What a manager really does
A manager’s job is extremely difficult to pin down. Job descriptions exist, and differ from one to the next. The job is fragmented and constantly changing, even as the day progresses.Planning can be difficult with so many interruptions and often it is difficult to get done what needs to get done. On top of that, if the manager is “fighting fires” and dealing with crises and unforeseen events, then getting tasks done becomes even more of a problem.
The job description for a manager also changes depending on what industry they are in, what type of “organizational culture” they are part of and whether they are junior or senior in the organization. It can also depend on factors including how the manager gets rewarded, their own personality and whether they work in a for-profit or not-for-profit organization.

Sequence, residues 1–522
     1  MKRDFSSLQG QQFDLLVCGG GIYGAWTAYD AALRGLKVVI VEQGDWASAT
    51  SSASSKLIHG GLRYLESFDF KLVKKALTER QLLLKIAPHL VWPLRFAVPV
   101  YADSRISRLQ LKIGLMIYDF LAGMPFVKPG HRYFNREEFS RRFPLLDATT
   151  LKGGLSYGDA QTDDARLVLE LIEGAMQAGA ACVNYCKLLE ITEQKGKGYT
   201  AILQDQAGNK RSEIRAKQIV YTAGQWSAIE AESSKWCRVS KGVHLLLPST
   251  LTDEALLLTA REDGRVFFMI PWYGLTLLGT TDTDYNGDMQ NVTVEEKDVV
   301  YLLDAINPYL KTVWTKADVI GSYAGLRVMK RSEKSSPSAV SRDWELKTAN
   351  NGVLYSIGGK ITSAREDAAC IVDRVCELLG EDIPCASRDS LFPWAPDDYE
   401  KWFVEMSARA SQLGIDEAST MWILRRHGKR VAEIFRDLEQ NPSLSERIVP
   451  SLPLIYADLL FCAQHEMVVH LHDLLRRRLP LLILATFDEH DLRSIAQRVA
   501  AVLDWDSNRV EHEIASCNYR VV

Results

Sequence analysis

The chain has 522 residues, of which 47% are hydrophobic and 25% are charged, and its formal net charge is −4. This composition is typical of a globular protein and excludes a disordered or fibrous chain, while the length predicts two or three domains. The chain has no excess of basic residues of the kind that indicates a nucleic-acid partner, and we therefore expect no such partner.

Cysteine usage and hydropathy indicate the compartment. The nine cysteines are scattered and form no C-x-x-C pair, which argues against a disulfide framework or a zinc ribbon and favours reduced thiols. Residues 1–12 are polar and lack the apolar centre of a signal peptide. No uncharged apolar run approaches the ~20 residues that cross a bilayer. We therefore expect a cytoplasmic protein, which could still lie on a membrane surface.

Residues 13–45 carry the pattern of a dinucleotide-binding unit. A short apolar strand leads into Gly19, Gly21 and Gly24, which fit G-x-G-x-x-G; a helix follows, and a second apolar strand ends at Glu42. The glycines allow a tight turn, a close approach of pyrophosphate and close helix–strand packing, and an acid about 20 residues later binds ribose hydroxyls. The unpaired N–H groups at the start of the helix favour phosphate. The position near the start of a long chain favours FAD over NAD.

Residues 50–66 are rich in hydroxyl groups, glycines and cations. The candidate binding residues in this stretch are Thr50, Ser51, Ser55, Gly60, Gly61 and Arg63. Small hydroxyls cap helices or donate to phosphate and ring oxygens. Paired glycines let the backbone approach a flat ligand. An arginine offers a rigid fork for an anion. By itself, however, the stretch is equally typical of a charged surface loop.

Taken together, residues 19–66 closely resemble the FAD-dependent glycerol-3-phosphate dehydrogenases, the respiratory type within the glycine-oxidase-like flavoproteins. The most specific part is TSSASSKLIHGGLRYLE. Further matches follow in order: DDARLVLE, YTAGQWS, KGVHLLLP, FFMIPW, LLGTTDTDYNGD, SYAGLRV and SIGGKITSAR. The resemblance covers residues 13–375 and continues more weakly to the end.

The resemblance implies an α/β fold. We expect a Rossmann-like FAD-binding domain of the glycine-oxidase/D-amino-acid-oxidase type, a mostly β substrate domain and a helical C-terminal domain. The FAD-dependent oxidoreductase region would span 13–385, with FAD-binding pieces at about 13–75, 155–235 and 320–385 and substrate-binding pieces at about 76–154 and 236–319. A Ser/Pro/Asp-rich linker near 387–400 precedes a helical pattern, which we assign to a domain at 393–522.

Most of the time, the term “manager” is used to describe someone who supervises others such as a team or area leader, front-line supervisor, department head, officer or managing director.
Managers are involved in four main functions: planning, organizing, leading and controlling.
- Planning: Managers have to plan what they want to accomplish and develop specific actions in order to reach those goals.
- Organizing: Managers must figure out how many people are needed to get the jobs and tasks done. They also determine how the job flow happens (who does what). Generally, we talk about what kind of structure will be put in place to get these tasks done.